EPIC President Marc Rotenberg requested input from several groups – including the EPIC Advisory Board – for a one-page document outlining principles for the ethical use of AI. “Universal Guidelines for Artificial Intelligence” has twelve principles, which includes a “Fairness Obligation” calling for institutions to ensure that “AI systems do not reflect bias or make impermissibly discriminatory decisions.” But as EPIC Advisor Cynthia Dwork points out, algorithmic “fairness” is hard to define.
Dwork stopped by to engage EPIC staff in an open discussion on the issue of fairness in the development of algorithms and to share a recent lecture she gave on the issue. As a scientist for Microsoft and through her many years of practice, she has worked on projects involving private data analysis, cryptography, combating spam, complexity theory, web search, voting theory, distributed computing, interconnection networks, and algorithm design. “When I see something that says algorithms should be fair, what does that mean?” Dwork said. “When you say you want an algorithm to be fair, on its face it is hard because there is no source of ground truth.”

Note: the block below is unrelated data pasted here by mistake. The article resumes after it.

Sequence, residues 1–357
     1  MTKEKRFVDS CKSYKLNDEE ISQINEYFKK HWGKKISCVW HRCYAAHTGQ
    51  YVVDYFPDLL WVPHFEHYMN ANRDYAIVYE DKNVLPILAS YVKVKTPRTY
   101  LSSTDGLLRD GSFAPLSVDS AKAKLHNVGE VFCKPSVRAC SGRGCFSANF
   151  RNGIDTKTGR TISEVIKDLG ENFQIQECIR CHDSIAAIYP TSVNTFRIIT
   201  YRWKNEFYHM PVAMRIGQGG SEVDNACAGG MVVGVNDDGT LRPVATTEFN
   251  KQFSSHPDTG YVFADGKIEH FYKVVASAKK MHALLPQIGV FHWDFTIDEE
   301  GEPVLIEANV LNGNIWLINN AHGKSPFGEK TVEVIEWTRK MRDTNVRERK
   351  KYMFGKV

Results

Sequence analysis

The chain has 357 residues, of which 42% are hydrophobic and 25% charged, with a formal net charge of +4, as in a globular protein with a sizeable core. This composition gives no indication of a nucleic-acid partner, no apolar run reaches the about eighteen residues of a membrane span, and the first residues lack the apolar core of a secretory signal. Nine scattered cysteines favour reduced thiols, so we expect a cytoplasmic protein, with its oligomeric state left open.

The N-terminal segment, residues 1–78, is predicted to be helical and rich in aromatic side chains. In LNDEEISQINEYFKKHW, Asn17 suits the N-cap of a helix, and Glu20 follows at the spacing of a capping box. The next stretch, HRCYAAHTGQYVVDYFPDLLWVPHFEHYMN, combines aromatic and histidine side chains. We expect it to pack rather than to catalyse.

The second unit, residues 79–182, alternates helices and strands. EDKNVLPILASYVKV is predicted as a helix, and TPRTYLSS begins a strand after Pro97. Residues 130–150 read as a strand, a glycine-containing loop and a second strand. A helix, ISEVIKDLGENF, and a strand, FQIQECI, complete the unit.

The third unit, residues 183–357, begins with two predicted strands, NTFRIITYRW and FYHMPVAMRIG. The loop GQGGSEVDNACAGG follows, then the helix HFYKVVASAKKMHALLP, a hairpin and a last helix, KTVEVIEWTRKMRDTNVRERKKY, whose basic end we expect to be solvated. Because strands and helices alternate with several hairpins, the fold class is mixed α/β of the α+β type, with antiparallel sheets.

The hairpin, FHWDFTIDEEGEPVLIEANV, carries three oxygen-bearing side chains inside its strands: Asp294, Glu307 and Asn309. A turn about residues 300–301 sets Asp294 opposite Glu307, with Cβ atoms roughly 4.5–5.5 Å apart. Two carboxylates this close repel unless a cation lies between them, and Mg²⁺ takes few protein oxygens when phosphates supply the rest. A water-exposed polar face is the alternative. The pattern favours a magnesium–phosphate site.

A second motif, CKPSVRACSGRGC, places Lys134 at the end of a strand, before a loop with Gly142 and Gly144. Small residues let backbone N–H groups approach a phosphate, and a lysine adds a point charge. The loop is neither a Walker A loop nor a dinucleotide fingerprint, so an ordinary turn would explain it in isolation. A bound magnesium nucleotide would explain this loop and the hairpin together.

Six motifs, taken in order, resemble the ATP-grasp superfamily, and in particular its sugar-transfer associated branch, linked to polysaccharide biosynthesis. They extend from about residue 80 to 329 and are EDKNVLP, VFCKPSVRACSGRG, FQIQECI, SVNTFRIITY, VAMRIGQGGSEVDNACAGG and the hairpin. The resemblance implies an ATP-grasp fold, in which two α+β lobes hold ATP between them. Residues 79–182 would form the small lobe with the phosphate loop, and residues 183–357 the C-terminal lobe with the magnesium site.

Rotenberg suggested this may be a reason to keep AI out of it and leave decision making to individuals. But according to Dwork, AI systems are little worse than what humans are doing. Since “algorithms can only learn what it sees,” she said, the solution might be to find ways to apply algorithms objectively. “Something can be useful without being perfect.” Dwork said. While she thinks transparency is a concern, for her it may also be a red herring. Instead, Dwork has spent a lot of time thinking about interpretability – essentially, trying to understand why an algorithm interprets data one-way verses another. For instance, why might results of two similarly situated people be so different when one minor factor like region is changed? For Dwork this is the better question and where more understanding may lessen the resistance to machine learning. “I’m in favor of testing the system” she said. “And I am in favor of the code being available, but I don’t think it [transparency] will solve the problem.”
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